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What's considered an 'early spring'?

The lack of a shadow on Groundhog Day declares an early spring, but what is that exactly? Meteorologist Andrew Stutzke explains what qualifies as an early start.

MOLINE, Ill. — The infamous Groundhog has spoken! With a shadow seen upon its platform, six more weeks of winter are in store! However, the other alternative outcome doesn't seem to have much clarification regarding what precisely an "early spring" is. This makes for an excellent question submitted by Lori from Sterling.

What is the definition of an early spring used on Groundhog Day? 

Going straight to the source, Punxsutawney Phil's website, there seems to be no straightforward definition of what is considered an "early spring." What a cop-out! Right? That's like a meteorologist saying it's going to rain between today and the end of the week, without any further specifics on when exactly the rain is going to start or how much you are going to receive. Blasphemy! I know my inbox would be full if I did that.

One particular groundhog, Staten Island Chuck, uses a formula that makes a bit more sense. In his case, early spring means the majority of the days between Groundhog Day and the spring equinox on March 20 feature temperatures of 40 degrees or above. It would better match the climatology of the region which features average high temperatures rising from the 30s through the 40s during this same period of time.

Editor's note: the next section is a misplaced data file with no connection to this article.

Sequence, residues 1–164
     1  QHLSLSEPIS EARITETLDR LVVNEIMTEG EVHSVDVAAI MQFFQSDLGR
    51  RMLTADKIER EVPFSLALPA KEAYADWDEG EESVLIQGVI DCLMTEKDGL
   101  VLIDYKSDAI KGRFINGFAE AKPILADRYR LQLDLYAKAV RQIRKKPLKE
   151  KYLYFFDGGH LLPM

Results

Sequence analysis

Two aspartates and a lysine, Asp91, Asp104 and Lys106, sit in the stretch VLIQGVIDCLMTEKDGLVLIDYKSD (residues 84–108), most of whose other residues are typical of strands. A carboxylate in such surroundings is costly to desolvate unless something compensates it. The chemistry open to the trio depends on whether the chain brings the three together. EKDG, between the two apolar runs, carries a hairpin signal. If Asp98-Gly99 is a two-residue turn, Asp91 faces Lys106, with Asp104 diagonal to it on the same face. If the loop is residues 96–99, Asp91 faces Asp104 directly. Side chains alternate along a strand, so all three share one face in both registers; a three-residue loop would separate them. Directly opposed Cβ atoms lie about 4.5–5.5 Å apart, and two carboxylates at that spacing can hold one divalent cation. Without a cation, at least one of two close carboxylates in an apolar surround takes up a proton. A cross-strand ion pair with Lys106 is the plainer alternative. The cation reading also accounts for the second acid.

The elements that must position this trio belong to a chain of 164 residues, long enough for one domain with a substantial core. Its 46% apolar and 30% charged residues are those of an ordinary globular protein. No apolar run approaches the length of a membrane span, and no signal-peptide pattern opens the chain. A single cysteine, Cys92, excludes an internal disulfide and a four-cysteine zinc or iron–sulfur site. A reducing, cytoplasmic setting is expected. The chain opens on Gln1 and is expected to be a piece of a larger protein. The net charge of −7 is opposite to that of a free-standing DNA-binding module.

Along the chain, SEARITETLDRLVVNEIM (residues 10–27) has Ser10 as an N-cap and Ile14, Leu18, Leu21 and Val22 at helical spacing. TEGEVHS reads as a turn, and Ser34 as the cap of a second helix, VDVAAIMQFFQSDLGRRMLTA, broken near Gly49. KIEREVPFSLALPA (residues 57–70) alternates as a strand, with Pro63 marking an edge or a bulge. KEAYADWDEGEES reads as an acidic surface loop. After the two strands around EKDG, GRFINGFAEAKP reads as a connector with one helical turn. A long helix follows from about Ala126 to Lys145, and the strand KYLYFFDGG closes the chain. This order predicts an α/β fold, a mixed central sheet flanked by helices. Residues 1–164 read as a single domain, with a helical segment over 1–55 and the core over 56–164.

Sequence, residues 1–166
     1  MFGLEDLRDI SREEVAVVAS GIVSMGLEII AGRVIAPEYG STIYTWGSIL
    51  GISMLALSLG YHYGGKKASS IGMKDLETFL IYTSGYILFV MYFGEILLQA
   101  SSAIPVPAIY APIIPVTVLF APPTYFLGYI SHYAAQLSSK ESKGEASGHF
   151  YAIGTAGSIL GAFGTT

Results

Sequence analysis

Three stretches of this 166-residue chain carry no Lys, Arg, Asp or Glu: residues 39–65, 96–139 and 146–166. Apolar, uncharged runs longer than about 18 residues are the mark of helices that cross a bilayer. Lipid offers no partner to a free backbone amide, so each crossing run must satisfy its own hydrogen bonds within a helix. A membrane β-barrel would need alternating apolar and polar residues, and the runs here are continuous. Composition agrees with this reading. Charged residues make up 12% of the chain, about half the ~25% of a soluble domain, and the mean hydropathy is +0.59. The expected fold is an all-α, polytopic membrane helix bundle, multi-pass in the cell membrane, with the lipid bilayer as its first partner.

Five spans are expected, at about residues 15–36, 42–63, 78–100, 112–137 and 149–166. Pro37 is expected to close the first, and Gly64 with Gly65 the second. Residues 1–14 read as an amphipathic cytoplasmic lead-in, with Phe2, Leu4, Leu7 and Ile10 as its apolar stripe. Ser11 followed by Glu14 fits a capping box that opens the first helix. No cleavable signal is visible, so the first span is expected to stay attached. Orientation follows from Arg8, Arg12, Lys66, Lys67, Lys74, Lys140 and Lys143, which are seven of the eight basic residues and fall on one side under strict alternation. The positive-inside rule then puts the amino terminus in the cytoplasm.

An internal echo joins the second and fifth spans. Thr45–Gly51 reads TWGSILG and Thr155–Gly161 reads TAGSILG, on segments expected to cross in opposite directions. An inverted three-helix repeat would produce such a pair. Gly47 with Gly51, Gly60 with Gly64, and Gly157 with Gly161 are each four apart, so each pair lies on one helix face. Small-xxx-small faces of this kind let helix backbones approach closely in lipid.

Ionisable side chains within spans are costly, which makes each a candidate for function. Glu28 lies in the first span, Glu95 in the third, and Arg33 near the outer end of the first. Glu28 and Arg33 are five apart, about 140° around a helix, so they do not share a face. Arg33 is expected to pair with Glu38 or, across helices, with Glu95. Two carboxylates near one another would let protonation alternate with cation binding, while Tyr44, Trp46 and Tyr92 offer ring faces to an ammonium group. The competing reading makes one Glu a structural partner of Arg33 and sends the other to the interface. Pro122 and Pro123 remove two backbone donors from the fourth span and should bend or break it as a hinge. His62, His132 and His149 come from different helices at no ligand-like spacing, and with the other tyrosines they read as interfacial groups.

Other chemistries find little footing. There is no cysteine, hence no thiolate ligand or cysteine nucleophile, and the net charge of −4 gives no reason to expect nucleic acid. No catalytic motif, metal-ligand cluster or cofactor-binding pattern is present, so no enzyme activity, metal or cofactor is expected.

Several different studies have been done regarding the accuracy of popular Groundhog Day predictions. Overall, the score isn't good, as one can expect. You might as well flip a quarter, as our good friend Dave Levora from Planet 93.9 FM suggests. 

NOAA has been keeping track of Punxsutawney Phil for a while and found his accuracy rate is only about 40%. 

Credit: NOAA

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